Nina Papathanasopoulou



Contact Nina Papathanasopoulou
Email: epapatha@conncoll.edu
Mailbox: 5403
Office: 328 Blaustein
Phone: (860) 439-5048
Fax: (860) 439-2190
Office Hours: Wednesday 1.30-2.30 Friday 11.45-12.45

Nina Papathanasopoulou, Visiting Assistant Professor of Classics

Visiting Assistant Professor of Classics

Joined Connecticut College: 2013

Education
B.A., National and Kapodistrian University of Athens
M.A., Ph.D., Columbia University

Specializations
• Greek drama and performance • Classical mythology and its reception • Greek art and architecture • Greek and Latin poetry


Nina Papathanasopoulou joined Connecticut College in 2013. A native Greek, she studied classics in Athens and then in New York. She completed her Ph.D. in Greek Drama at Columbia University, where she also served as the chorus director and choreographer of Greek drama productions performed in ancient Greek.

Her current research explores the treatment of space in three Aristophanic comedies along with the historical and political significance of the plays’ staging.

Together with Greek drama, Nina is also interested in classical mythology and its reception. For her next project she is hoping to explore interpretations of Greek myths through modern dance and Martha Graham’s choreography.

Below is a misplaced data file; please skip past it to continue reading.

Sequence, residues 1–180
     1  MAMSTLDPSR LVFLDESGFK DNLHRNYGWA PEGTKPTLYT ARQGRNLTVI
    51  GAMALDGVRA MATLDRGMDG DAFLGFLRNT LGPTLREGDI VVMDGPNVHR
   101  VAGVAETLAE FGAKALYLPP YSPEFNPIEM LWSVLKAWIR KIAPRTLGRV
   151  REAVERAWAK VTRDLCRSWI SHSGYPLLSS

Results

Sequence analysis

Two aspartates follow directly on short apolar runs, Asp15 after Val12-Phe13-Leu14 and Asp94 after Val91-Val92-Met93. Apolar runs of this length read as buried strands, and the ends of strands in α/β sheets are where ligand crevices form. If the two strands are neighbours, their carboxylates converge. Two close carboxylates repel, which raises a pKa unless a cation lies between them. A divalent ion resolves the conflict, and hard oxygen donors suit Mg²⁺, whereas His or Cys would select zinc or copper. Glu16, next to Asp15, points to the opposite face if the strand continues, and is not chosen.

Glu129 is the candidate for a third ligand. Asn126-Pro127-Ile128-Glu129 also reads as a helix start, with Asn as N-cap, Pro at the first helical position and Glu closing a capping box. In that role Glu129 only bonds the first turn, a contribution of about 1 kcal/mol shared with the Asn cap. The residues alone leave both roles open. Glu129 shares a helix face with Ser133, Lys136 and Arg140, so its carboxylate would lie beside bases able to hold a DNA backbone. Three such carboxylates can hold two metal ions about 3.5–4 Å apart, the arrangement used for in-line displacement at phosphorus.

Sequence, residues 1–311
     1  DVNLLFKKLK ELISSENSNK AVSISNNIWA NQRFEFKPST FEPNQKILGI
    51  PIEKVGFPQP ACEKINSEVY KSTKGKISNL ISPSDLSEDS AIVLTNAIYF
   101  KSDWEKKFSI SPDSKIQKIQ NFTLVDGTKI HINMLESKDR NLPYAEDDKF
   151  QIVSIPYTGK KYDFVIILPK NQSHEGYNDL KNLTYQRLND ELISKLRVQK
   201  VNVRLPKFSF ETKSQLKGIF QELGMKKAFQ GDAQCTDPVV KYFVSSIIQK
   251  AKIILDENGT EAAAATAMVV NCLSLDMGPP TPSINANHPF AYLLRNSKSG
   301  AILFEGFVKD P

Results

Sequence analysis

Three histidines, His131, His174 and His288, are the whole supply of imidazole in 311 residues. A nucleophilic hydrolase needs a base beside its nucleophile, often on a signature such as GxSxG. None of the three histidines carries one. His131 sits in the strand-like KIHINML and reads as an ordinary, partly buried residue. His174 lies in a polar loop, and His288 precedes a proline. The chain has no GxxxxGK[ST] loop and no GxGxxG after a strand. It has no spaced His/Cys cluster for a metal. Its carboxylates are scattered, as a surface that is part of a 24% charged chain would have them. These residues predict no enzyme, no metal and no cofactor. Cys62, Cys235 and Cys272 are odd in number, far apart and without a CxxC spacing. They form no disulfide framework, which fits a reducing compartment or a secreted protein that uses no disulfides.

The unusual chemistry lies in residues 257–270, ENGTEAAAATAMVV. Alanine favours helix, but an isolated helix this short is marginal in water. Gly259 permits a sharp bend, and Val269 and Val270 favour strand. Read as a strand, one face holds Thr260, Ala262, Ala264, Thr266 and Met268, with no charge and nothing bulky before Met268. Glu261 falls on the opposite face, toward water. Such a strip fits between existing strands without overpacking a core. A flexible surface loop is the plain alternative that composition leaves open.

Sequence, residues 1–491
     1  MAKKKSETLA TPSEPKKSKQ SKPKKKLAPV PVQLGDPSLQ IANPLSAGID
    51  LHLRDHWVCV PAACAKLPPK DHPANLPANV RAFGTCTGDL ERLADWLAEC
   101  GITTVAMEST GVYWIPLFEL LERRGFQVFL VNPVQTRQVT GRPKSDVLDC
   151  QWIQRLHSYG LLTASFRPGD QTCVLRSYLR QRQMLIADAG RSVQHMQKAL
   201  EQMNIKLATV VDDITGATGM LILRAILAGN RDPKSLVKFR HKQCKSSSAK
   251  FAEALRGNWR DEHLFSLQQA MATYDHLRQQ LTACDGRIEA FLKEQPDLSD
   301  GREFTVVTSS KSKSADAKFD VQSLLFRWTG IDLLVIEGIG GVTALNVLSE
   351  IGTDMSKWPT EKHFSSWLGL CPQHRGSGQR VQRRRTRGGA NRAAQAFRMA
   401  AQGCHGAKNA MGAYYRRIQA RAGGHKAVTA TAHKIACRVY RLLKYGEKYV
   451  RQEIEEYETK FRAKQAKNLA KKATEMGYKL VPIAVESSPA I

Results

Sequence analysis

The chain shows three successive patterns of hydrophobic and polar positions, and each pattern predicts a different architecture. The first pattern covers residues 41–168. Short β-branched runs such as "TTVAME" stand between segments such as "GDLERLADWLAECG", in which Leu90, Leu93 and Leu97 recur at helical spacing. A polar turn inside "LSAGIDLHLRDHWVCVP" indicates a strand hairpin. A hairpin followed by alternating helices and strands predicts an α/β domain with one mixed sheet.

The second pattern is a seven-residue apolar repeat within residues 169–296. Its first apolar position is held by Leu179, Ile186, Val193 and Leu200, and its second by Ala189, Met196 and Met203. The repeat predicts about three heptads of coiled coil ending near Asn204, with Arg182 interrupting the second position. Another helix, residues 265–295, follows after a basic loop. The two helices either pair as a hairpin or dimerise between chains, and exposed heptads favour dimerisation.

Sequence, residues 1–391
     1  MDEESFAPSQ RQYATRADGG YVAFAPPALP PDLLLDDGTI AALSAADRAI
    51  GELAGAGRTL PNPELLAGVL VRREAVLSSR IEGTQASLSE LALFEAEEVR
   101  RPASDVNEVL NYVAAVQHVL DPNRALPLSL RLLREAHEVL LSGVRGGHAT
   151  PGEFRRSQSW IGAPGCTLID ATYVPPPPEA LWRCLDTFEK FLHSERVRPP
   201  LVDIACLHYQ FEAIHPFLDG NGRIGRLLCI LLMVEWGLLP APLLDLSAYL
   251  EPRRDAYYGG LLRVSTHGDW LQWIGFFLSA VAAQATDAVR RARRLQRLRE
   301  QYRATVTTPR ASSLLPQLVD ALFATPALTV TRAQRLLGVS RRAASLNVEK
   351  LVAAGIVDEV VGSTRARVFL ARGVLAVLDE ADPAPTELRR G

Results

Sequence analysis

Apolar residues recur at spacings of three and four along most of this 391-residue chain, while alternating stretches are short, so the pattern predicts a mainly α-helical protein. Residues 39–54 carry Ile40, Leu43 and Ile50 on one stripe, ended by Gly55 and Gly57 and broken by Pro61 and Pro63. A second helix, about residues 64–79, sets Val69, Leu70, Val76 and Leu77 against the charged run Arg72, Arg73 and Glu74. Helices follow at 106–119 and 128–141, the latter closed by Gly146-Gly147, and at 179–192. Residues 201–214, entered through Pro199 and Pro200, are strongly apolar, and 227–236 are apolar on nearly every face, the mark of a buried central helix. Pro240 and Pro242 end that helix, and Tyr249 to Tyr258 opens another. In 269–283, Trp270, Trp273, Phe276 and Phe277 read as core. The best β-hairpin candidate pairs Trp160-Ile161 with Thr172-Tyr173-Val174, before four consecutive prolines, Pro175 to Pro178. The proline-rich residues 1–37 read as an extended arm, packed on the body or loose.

Nina teaches Latin, Greek, Ancient Drama (Tragedy and Comedy) and Classical Mythology courses.

In Fall 2014 she’ll be teaching Elementary Latin (LAT 101); an intermediate/advanced Greek class on Plato with selections from dialogues on the value of literature, the importance of love, and the presence of the divine (GRK 221 and GRK 321); and a Classical Mythology course with readings primarily from Homer, Hesiod, Greek tragedy, Vergil and Ovid (CLA 104).

In February 2014 she gave a talk on "Discussion Strategies in an Undergraduate Classroom" as part of a pedagogical colloquium at Columbia University, while in May 2014 she presented a paper on "The Importance of the Oikos in Aristophanes’ Acharnians" at Yale University.

Nina also enjoys serving as the Classics Department's events coordinator, organizing Classics-related events on campus and in the surrounding area, such as lectures, talks, trips to ancient drama performances and to the Metropolitan Museum of Art in New York City, movie screenings, trivia games, and Latin tables.

Visit the classics department website.